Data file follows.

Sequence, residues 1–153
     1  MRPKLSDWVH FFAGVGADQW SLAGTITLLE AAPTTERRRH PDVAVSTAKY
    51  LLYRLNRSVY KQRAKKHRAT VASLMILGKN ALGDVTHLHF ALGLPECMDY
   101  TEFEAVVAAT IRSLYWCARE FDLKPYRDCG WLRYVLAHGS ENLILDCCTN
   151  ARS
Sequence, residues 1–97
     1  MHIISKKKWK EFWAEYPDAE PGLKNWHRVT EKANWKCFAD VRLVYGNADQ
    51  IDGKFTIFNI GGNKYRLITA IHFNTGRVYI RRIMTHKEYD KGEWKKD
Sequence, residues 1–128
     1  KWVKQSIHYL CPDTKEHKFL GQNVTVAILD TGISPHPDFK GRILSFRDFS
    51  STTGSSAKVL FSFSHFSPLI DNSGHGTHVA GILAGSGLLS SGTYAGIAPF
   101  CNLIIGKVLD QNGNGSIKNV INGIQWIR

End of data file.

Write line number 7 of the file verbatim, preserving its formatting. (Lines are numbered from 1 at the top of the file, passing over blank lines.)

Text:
     1  MHIISKKKWK EFWAEYPDAE PGLKNWHRVT EKANWKCFAD VRLVYGNADQ